Q13)Give one difference between zygote and embryo.
Ans-Zygote is single celled fusion product of sperm and ovum. Embryo is a multicellular product produced by mitotic divisions from zygote.
14)How does the embryo derive nutrition after getting implanted in the walls of uterus?
ans-the embryo derives nutrition after getting implanted in the walls of uterus through a disc like tissues called placenta which has villi like projections on embryo side and blood spaces on mother’s side. This enables transport of materials like amino acids,glucose and oxygen from mother to child.
Q15)What happens if the ovum does not fertilized in female body?
Ans-when the ovum does not get fertilized it lives for one day.As the preparations of the uterine lining are not needed any more, the lining breaks and comes out along with the unfertilized ovum through the vaginal path in form of blood discharge. This is known as menstruation as it happens once in a month and it lasts for 2-8 days.
Q16)What is the function of seminal vesicles and prostate gland in the male body?
Ans-they add their secretions to sperms in order to make the sperms lie in a fluid which makes their flow and transport easier and also provides nutrition to sperms.
Q17)Why are pair of testes located outside the male body?
Ans-the pairs of testes are located outside the body of the males because a temperature of 2-3 degrees C,less than the body temperature is required for production of sperms.
Q18) Give example of two bacterial and two viral diseases which are transmitted through sexual contact?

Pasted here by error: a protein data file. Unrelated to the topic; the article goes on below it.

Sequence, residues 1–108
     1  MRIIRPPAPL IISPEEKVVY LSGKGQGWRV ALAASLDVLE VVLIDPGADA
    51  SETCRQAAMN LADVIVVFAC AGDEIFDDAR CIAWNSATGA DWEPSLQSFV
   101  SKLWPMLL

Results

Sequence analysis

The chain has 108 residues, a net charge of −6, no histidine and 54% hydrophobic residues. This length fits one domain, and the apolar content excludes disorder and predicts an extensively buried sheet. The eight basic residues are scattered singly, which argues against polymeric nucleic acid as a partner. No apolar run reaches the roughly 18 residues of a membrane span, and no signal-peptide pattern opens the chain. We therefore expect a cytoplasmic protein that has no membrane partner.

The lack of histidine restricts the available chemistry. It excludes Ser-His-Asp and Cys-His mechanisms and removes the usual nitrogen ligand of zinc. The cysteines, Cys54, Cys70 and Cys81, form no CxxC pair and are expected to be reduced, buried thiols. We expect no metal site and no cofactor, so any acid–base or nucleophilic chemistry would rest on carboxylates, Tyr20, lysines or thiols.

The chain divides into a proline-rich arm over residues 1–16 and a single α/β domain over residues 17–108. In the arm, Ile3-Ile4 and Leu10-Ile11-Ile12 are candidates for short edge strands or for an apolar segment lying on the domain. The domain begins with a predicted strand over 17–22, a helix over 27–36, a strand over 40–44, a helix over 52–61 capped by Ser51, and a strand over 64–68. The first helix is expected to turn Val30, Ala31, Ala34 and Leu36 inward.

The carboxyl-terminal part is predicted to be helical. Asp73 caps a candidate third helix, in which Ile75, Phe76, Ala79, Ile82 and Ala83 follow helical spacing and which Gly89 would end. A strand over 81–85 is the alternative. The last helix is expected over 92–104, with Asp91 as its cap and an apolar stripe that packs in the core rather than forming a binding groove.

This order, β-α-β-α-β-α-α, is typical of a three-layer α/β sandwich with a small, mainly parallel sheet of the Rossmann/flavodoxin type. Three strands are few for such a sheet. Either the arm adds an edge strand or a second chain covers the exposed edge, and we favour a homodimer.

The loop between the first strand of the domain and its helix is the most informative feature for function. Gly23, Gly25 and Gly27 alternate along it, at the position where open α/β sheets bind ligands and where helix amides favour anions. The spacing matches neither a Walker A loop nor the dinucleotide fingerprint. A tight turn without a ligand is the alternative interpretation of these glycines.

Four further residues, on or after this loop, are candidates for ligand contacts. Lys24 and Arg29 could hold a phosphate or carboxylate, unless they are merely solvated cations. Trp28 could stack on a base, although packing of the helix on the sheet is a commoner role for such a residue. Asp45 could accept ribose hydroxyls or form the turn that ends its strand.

Ans-bacterial diseases-gonorrhoea and syphilis, viral diseases-AIDS and genital warts.
Q19)What factors have lead to adoption of contraceptive methods? give at least four factors.
1)growing human population.
2)spread of sexually transmitted diseases like AIDS.
3)gap between children in a family so that both mother and child get proper nutrition.
4)maintenance of sexual health.
Q20) How do sperms reach the female genital tract? where does fertilization and implantation of the embryo takes place. For how long does the embryo remain attached to uterine walls.
Ans-sperms travel upwards through uterus to oviduct where they may meet an ovum and hence fertilize it. Fertilization takes place in oviduct to give rise to single celled zygote. The zygote divides to become multicellular embryo which gets fixed in uterus. The embryo remains attached in uterine walls throughout gestation period which is 40 weeks in humans. full post
Chapter - 8 How Do Organisms Reproduce ?
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1. What is soil?
2. Name what type of soil is it, According to their size?
(a) Greater than 2 mm in diameter (b) 0.005–0.05 mm in diameter
3. What is the last stage in the formation of soil?
4. What are the factors which influenced the formation of soil?
5. What is the composition of soil?
6. Which type of soil is classified as residual soil? Give example.
7. The soil at a given place was found to consist of sandstones, clay, shale and limestone. What type of soil is it and how it might have formed?
8. Mention all possible composition of soil.
9. Name physical and chemical properties of Soil.
10. Write a short note on A–horizon and B–horizon.
11. Write a short note on transported soils.
12. What are the main causes for the erosion of soil?
13. How will you demonstrate that the vegetation prevents erosion of SOIL
1. Soil forms the outer most layer of land on the earth. Its thickness on the earth’s surface ranges from a few millimeters to 3 – 4 meters.